Evolutionary processes increased the complexity and level-of-differentiation of the organisms on this world, too. Through a combination of chance mutations and selection pressures, a species on this world became sentient, conscious, and reached unprecedented levels of dominance over nature.
As their technology advanced, they began to wonder about alien civilizations around other stars. And then, from a distant, faint point of light in their sky, the first attack happened, blowing a hole in their planet at relativistic speeds. It wasn’t a meteor, asteroid, or comet; from across interstellar space, it was humanity.
Here on Earth, our dreams of interstellar travel have traditionally fallen into two categories:
- We go slowly, with rocket-propulsion, on a journey taking many human lifetimes.
- We go quickly, assuming we make tremendous scientific advances to travel at relativistic (near-light) speeds.
Even with an uncrewed journey, these two options seemed to be the only ones there are. Either we go as the Voyager spacecrafts go, taking many thousands of years to travel even a single light year, or we develop some new technology capable of accelerating a spacecraft to much, much higher speeds. The first option seems unacceptable; the second seems unrealistic.
But something happened during the 2010s that has the potential to change the game. We’ve actually gone and made a huge technological advance that could impart a large amount of energy to a spacecraft over a reasonably long amount of time, allowing us to (in principle) accelerate it to tremendous speeds. The big advance? In the science of laser physics.
Lasers, now, are both more powerful and more collimated than they’ve ever been, and that means that if we put an enormous array of these high-powered lasers in space, where they don’t have to fight atmospheric dispersion, they could shine on a single target for a long time, imparting energy and momentum to it until it reached more than 10% the speed of light.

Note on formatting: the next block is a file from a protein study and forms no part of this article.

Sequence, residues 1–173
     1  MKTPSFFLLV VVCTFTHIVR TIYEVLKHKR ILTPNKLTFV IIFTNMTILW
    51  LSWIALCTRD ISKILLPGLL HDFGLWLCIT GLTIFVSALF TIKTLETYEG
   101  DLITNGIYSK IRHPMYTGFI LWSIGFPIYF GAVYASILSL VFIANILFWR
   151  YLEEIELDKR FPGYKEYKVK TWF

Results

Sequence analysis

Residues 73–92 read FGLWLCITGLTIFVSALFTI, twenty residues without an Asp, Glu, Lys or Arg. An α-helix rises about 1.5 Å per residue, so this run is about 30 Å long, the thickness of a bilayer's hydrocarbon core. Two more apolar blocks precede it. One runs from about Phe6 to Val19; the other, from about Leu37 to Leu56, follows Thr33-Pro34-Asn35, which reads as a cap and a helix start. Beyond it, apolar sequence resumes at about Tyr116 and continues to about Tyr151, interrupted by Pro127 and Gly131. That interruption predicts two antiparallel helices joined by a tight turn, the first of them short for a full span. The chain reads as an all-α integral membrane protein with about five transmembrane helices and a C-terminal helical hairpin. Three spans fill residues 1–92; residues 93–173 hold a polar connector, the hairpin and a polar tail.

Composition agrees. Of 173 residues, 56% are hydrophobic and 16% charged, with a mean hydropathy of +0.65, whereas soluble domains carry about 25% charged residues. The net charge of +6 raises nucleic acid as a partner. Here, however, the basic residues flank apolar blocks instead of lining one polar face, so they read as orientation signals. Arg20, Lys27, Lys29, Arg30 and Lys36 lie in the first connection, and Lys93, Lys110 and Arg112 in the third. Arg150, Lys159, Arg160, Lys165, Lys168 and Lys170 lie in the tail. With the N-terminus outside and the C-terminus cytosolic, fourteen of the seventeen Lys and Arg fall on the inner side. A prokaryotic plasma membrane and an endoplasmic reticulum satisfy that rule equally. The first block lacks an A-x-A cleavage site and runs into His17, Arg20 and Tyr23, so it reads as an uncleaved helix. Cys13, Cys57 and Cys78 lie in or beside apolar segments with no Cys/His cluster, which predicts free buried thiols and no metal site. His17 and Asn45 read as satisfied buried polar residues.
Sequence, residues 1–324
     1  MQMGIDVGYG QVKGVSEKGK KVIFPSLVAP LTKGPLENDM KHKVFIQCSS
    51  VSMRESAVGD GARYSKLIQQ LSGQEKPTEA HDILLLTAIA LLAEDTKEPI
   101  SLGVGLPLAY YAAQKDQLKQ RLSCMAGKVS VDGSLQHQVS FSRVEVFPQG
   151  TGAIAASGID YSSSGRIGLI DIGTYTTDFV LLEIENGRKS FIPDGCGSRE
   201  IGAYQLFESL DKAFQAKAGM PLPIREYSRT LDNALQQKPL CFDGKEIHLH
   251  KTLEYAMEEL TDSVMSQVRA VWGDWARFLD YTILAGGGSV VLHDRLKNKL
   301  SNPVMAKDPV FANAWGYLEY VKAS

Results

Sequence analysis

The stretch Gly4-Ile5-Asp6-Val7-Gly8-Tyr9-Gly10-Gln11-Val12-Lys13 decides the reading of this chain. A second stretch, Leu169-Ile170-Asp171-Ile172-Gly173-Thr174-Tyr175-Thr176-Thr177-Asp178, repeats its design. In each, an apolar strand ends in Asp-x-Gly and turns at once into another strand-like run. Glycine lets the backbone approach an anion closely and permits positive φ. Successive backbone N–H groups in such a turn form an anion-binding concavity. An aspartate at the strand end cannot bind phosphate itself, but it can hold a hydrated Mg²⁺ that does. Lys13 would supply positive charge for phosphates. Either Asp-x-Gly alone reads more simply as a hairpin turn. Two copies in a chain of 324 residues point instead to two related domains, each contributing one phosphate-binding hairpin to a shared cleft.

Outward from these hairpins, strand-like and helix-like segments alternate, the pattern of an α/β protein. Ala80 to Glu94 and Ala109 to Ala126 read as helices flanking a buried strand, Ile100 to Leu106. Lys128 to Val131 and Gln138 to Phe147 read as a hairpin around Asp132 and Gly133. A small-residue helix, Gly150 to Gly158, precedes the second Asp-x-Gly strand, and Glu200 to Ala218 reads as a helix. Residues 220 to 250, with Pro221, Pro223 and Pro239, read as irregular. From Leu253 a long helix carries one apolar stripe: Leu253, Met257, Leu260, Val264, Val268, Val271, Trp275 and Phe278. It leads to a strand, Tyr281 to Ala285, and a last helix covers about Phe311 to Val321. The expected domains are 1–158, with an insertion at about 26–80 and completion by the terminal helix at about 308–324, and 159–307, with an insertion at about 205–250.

In 2015, a team of scientists wrote a white paper on how an advanced laser array could combine with the solar sail concept to create a “laser sail”-based spacecraft. In theory, we could use current technology and extraordinarily low-mass spaceships (i.e., “starchips”) to reach the nearest stars in a single human lifetime. The idea is simple: shoot this high-powered laser array at a highly reflective target, attach a very small and low-mass micro-satellite to the sail, and accelerate it to the maximum speed possible.
The ideas of solar sails are old, and have been around since the time of Kepler. But to use a laser sail would be a real revolution. The advantages of this setup to all others are incredible:
- The majority of power/energy used for this doesn’t come from one-time-only use rocket fuel, but rather from lasers, which can be recharged.
- The masses of the starchip spaceships are incredibly low, and so can be accelerated to very fast (close to the speed-of-light) speeds.
- And with the advent of miniaturization in electronics and ultra-strong, lightweight materials, we can actually create usable devices and send them light years away.
The idea isn’t new, but the advent of new technology — both currently available and expected to be available in the next two or three decades — makes this a seemingly realistic possibility.
So let’s say we get it right. We develop the right material to reflect enough of the laser light that it doesn’t incinerate the sail. We collimate the lasers well-enough and build a large-enough array to accelerate these starchip spacecrafts to their designed speeds of 20% the speed of light: ~60,000 km/s. And then we aim them at a planet around a potentially habitable star, such as Alpha Centauri A or Tau Ceti.
Perhaps we’ll send an array of starchips to the same system, hoping to probe these systems and gain more information. After all, the main science goal, as it’s been proposed, is to simply take data during arrival and transmit it back. But there are three huge problems with this plan, and combined, they could be tantamount to a declaration of interstellar war.